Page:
The Massachusetts Department of Energy Resources (DOER) has released its Solar Massachusetts Renewable Target (SMART) Program regulations, which will now go through a public comment period. Although solar advocates have applauded the announcement, they have also raised some concerns about the program and the overall future of solar in the state.
Earlier this year, DOER extended the state’s Solar Renewable Energy Credit (SREC 2) program while it worked on SMART, a long-term replacement program designed to incentivize 1.6 GW of new solar generating capacity through a “declining block” structure, with base compensation rates reducing by set percentages in each block.
According to the Solar Energy Industries Association (SEIA), Massachusetts boasts the second-largest solar workforce in the country, thanks to state initiatives like net energy metering (NEM) and the SREC 2 program, and the DOER’s announcement could be a first step in giving residents and businesses confidence in the Bay State’s continued commitment to progress.
However, solar advocates have called for improvements in order to continue solar growth and state’s climate and clean energy leadership. Additionally, they note the Massachusetts legislature has proposed bills needed to expand the NEM program, which is currently closed for new projects in the majority of the state; therefore, the groups say, further steps are needed to continue solar growth.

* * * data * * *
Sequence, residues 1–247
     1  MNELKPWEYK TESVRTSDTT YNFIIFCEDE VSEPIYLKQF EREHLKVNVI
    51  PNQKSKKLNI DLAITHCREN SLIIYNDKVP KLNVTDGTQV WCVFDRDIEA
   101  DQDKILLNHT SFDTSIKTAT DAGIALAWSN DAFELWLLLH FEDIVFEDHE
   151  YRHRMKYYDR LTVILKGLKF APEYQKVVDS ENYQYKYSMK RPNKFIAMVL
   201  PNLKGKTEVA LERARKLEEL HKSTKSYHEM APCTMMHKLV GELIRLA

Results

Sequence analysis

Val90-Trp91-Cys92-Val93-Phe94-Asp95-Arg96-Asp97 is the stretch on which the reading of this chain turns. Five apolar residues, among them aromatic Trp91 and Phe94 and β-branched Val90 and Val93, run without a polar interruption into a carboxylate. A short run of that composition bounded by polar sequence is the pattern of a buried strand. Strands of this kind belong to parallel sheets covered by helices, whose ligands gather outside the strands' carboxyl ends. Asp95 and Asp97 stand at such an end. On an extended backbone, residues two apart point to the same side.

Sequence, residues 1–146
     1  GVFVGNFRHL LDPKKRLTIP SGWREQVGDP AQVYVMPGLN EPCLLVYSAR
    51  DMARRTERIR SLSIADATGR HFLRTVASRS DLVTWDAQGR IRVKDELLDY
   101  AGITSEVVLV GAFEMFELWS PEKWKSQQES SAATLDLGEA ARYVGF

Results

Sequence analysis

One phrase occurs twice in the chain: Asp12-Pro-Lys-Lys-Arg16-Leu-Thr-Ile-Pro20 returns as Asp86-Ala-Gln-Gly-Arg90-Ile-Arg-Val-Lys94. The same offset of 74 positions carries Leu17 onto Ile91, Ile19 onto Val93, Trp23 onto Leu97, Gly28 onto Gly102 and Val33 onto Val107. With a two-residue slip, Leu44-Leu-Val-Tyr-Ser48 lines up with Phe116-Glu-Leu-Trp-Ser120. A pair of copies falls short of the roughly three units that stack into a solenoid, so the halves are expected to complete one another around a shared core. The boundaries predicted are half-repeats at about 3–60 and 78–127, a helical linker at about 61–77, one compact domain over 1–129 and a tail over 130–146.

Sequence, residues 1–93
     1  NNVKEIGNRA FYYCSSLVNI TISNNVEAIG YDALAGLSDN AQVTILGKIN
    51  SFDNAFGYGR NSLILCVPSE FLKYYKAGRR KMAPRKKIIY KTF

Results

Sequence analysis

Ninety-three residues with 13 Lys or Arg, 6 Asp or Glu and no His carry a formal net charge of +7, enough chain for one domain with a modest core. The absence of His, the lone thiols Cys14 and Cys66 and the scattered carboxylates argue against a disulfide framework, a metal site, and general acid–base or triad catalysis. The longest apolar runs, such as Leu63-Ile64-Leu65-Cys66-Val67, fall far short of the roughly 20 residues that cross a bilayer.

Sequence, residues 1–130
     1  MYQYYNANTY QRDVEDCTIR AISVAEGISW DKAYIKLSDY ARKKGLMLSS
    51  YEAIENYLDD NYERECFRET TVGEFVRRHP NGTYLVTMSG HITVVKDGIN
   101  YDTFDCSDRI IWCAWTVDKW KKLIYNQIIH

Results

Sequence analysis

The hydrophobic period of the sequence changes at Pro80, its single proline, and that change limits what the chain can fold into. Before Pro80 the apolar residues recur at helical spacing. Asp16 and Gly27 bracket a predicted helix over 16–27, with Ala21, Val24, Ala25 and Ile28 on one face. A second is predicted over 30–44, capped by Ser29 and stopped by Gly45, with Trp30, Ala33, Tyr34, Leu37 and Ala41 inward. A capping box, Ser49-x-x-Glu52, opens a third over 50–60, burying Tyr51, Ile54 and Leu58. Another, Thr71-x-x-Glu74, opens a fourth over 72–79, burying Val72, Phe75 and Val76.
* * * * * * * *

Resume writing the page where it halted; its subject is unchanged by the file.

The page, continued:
“Thanks to Massachusetts’ leadership and initiatives that make solar more accessible and affordable, Massachusetts has set itself apart as a national leader that’s building its clean, equitable energy economy,” said Sean Garren, Northeast regional director at Vote Solar. “The Commonwealth affirmed its commitment to its clean energy future with today’s SMART program announcement, but more work is needed to improve the program and work with the legislature to expand net metering to ensure that we continue to harness the economic and environmental benefits of solar.”